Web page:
Should I Suggest OTC Sleep Aids?

New anxieties, remote job stress, and increased screen time all create an environment for reasons to stay up at night. More patients today are turning to their healthcare professionals for help as they suffer with sleep problems and the consequences of not getting enough rest. Many common OTC sleep aids are now being discouraged for some populations based on certain medical conditions, comorbidities associated with lack of sleep, and age group. While these products are relatively safe, PROs recognize OTC sleep aids should be reconsidered for some cases. 

Common OTC Sleep Aids

Over-the-counter (OTC) sleep aids were first made available more than 30 years ago and became popular because of their low toxicity rating and mild effects for occasional users. The most common OTC sleeping aids contain 1st generation antihistamines that work by interrupting normal brain receptor activity. This interruption provides a calming effect and slight dissociation from your waking thoughts to help users fall asleep easier or stay asleep longer. Long-term use of sleep aids is not advised and could result in a build-up of tolerance build-up or increased experiences of certain side effects.


Side-Effects + Considerations:

DPH affects H1 receptors located throughout the body and has been shown to be prone to dependency and abuse by long-term users. Patients with various cardiac conditions should be advised against using this sleep aid because of the products effect on QT intervals and the associated risk of sudden cardiac death. DPH should also be reconsidered for aging populations as studies have shown an increased dementia risk associated with the use of sedatives of this class.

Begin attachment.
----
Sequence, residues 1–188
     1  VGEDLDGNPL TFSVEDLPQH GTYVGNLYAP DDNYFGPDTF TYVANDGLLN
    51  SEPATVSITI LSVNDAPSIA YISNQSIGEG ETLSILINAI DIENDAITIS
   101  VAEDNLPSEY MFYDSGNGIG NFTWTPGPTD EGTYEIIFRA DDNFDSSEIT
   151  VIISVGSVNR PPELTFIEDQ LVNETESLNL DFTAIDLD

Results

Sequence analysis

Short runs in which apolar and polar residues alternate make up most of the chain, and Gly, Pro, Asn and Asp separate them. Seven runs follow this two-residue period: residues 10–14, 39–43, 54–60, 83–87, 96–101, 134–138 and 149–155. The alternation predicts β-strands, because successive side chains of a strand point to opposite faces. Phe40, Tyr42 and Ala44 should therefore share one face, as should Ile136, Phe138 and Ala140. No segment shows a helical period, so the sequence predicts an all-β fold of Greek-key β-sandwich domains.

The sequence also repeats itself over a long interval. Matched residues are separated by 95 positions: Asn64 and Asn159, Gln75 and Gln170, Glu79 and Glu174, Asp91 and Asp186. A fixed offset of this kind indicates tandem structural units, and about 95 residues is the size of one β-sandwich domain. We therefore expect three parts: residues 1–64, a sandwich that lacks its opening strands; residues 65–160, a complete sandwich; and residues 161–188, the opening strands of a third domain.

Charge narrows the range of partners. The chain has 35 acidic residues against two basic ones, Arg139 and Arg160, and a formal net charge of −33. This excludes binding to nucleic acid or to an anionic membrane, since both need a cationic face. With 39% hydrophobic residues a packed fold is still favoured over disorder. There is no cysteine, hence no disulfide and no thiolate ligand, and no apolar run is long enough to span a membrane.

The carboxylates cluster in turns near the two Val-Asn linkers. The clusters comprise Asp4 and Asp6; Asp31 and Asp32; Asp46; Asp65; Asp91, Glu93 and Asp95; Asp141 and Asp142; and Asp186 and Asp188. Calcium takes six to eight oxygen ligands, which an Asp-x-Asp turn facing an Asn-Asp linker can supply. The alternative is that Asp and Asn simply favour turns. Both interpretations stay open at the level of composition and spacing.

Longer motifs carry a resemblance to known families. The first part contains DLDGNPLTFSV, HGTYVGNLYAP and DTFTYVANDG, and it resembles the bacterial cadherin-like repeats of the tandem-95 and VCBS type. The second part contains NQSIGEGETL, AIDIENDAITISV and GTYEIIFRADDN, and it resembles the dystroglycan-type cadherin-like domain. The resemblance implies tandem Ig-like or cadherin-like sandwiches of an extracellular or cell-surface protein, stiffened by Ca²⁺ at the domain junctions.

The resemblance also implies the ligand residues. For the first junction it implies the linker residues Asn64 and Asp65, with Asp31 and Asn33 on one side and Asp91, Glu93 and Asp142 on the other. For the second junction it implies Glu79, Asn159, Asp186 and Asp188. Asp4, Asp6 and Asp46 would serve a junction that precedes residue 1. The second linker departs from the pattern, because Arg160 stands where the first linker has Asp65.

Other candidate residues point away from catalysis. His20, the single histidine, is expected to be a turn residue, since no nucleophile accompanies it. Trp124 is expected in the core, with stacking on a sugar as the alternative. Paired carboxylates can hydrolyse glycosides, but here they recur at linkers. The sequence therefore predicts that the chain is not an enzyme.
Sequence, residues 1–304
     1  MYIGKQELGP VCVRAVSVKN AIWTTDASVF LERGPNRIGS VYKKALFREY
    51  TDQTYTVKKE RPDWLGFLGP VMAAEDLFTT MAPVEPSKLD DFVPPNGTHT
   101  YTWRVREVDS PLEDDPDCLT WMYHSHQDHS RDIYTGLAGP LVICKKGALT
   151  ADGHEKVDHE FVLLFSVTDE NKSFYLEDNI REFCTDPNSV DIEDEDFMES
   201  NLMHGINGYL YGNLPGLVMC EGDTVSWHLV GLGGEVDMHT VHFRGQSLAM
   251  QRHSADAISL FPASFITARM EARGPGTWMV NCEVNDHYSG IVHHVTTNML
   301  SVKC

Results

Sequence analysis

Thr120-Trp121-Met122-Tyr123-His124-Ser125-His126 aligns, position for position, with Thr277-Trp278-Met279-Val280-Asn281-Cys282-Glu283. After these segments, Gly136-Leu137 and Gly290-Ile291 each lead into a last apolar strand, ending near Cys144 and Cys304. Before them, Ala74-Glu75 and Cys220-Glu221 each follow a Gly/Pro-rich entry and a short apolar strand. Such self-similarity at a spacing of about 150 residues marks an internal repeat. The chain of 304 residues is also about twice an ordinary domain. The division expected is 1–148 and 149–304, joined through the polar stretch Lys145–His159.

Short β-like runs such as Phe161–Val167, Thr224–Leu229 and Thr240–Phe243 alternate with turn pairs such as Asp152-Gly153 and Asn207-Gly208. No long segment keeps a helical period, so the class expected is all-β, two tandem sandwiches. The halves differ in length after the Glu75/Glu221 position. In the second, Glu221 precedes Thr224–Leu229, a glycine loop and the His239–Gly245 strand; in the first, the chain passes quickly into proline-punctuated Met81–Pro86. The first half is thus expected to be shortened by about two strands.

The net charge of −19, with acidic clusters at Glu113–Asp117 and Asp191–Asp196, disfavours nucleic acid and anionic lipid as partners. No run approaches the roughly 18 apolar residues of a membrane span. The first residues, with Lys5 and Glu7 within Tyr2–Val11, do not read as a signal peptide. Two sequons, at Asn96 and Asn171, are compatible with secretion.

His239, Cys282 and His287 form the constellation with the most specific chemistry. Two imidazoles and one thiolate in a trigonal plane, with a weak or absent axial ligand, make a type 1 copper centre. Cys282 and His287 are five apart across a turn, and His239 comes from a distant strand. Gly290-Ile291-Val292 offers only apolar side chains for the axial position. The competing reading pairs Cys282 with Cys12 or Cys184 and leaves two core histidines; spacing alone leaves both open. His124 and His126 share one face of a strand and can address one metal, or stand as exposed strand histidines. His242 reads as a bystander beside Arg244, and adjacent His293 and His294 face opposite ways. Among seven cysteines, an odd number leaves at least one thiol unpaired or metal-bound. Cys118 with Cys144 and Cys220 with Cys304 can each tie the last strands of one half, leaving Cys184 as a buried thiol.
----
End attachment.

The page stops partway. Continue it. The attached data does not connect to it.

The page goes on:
Side-Effects + Considerations:

Doxylamine, another 1st generation antihistamine like DPH, is prone to abuse. Research studies about sleep-aid-dependent users report that users often continue using the product daily, and for an average of 6 months or more. Doxylamine has been significantly associated with reports of confusion, seizures, and even severe rhabdomyolysis for its users. PROs now confirm and review their patients' history of kidney disease or conditions causing fluid-retention as cases of syndrome of inappropriate antidiuresis (SIAD) have been repeatedly presented for long-term doxylamine consumers.